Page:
Somalia is entering its worst drought in five years and aid agencies are unable to feed the majority of people in need, a senior United Nations humanitarian official said on Friday.
"It looks as if we are now going into something that last happened five years ago, which is an acute drought cycle," Mark Bowden, the U.N. Humanitarian Coordinator for Somalia, said in an interview with Reuters.
"Clearly the issue of food distribution is going to become more and more pressing."
The number of Somalis in need of aid has increased by 20 percent in the last six months to 2.4 million, 32 percent of the population of 7.5 million, according to the Food and Agriculture Organisation's (FAO) unit report on Somalia.
Bowden said half the population might require aid as the drought intensifies. He said the armed groups were unwilling to negotiate with the U.N. because they did not believe food aid was necessary.
"There is a sort of sense from some of the armed groups that food assistance creates dependency and is not good for the population," Bowden said.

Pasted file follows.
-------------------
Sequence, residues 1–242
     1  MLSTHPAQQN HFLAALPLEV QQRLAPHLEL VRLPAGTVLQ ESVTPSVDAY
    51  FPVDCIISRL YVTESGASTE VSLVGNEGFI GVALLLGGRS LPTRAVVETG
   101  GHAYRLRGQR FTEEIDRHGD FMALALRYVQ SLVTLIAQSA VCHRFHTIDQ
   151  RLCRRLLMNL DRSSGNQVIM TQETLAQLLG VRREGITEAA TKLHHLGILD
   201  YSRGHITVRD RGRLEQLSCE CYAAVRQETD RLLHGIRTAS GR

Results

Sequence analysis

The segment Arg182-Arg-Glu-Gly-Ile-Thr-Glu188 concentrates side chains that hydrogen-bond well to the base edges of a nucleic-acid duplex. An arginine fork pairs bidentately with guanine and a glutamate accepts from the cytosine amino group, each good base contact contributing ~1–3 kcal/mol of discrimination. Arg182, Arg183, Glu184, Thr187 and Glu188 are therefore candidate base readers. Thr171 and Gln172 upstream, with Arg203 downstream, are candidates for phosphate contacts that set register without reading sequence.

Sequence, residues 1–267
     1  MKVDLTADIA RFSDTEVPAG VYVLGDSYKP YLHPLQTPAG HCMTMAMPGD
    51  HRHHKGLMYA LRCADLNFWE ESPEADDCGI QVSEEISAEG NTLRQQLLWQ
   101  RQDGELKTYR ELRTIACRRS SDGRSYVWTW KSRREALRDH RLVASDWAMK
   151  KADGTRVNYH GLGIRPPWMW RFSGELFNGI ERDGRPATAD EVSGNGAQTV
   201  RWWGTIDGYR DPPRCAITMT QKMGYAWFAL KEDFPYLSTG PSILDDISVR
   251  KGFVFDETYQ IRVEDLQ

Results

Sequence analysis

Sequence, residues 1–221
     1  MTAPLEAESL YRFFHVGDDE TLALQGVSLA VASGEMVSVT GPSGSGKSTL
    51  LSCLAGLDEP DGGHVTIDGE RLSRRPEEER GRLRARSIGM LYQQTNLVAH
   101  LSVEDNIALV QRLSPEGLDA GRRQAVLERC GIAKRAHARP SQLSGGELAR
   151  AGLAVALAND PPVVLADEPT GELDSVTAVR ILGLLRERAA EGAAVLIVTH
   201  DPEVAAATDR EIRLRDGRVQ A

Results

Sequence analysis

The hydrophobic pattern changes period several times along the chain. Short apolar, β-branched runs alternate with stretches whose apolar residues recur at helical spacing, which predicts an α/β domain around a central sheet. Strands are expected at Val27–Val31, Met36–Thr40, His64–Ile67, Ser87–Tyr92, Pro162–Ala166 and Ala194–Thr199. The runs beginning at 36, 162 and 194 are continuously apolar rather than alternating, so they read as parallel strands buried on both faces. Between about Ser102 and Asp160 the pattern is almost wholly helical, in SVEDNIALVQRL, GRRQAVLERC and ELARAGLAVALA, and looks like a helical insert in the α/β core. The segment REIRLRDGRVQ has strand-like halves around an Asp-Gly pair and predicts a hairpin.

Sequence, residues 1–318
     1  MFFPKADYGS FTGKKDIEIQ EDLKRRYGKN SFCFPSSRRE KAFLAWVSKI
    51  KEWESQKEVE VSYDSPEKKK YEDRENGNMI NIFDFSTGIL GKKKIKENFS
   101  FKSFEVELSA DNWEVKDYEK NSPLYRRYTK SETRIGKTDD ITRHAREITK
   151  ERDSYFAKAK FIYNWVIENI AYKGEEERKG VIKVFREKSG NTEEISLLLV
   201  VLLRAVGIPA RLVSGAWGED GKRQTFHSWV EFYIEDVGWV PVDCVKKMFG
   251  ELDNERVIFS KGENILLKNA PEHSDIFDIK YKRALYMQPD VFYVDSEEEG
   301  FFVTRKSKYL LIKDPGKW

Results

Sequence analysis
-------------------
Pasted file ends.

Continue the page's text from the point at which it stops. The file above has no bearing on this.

Acute malnutrition among children has risen to 21 percent from 15 percent in the last six months. Three quarters of these children are in the rebel-controlled south.
Surging food prices
Sorghum and maize prices have increased by 75 to 80 percent following the failure of the October to December rains.
"We have seen a complete crop failure," said Grainne Moloney, chief technical advisor at FAO's Food Security and Nutrition Analysis Unit.
Many people, particularly some 400,000 displaced people living in the Afgooye corridor 25 km (16 miles) outside the capital Mogadishu, cannot afford food because they have no work.
Some are returning to conflict-stricken Mogadishu to earn money. Increasing numbers will be forced to migrate in search of work as the drought worsens, aid officials said.
"We have to create the conditions for local, temporary, rapid employment to make sure that people can access their cash," said Luca Alinovi, head of FAO Somalia.
"It's critical that we save their lives and we prevent them being displaced now before it becomes a critical problem."
Providing money through farm work projects or cash vouchers for hungry people could relieve hoarding, which is contributing to soaring cereal prices. Food aid would also bring food prices down, he said.
"Famines are usually market-led phenomena," said Bowden. "Just increasing food into the market is sometimes a legitimate means of better addressing critical conditions."
ReutersLast Mod: 29 Ocak 2011, 12:53